The first and third mask is either a Goddess or Royalty during the reign of King Ahmose and Queen Ahmose-Nefertary, 1550 -1525 BC, that's what the British Museum says. But I think look at the curves like horns on either side of the head, and the Gold sun disc shape and the wings. Her name has been scratched off and she may in fact be older than thought. She looks like Nefertiti mother of Ankhesenamun wife of Tutankhamun but she is two hundred years older. (King Tut is the second mask - it's actually Tut-ankh-Amun meaning 'the living image of Amun' Amun being the God of the air in the patheon of Hermopolis, the Ogdoad.)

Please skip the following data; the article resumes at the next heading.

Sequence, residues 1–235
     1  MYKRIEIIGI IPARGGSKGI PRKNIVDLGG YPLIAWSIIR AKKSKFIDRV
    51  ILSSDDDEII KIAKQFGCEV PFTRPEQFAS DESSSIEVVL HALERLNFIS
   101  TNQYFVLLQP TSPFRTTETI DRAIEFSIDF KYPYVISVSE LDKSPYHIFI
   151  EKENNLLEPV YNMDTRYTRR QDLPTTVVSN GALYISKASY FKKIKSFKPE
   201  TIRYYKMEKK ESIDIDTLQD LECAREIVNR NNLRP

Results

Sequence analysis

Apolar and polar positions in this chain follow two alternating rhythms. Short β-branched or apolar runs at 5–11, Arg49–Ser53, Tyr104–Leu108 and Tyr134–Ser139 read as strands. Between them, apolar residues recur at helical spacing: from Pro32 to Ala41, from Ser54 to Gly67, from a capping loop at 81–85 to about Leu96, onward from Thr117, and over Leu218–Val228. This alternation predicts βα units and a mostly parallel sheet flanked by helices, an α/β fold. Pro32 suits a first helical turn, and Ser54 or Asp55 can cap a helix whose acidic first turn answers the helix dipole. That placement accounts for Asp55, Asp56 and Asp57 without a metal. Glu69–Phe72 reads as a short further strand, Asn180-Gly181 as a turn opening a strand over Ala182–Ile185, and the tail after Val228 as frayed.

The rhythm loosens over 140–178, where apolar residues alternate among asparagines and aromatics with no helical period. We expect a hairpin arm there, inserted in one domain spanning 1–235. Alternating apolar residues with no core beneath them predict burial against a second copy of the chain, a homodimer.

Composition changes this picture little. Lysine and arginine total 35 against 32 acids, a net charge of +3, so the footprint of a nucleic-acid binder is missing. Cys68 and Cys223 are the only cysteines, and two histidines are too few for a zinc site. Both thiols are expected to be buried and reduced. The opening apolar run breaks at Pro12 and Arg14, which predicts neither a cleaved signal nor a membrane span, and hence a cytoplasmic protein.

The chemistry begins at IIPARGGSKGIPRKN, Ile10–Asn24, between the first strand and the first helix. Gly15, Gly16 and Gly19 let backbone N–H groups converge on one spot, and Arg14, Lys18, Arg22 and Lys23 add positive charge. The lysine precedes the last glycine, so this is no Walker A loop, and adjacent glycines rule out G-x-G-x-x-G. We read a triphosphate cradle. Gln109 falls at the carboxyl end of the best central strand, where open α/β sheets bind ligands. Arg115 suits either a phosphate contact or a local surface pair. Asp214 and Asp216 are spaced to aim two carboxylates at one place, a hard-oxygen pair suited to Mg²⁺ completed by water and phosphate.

The unknown lady with no name may be closest to Hathor, who is usually represented in a stylised form as having the horns of a cow and the Moon/Sun on her head: "...the daughter of Ra. She was depicted as a woman with the ears of a cow, the horns of the cow, or the horns of a cow with the sun disc between, representing the sun as the Ka, both the body and soul. She was both good and bad, again identifying with the soul and body. In her vengeful state she was associated with the lioness Sekhmet and in this form was known as one of the 'eyes of Ra' (because of the association between the mane of the lion and the sun, ... She restored the eye of Horus [son of Osiris and Isis]. Later, at Edfu, they married, and she became Hathor 'of the house of Horus'. As the divine mother she was regarded as mother of the Pharaoh but was primarily the mother-goddess associated with pleasure, joy, sexuality and music. In Theban tombs she is depicted as the 'lady of the west', keeping safe the setting sun until the morning. The dead thus yearned to be in the arms of Hathor, protected and sheltered in the afterlife." Maurice Cotterell, page 56-7, The Tutankhamun Prophecies (1999).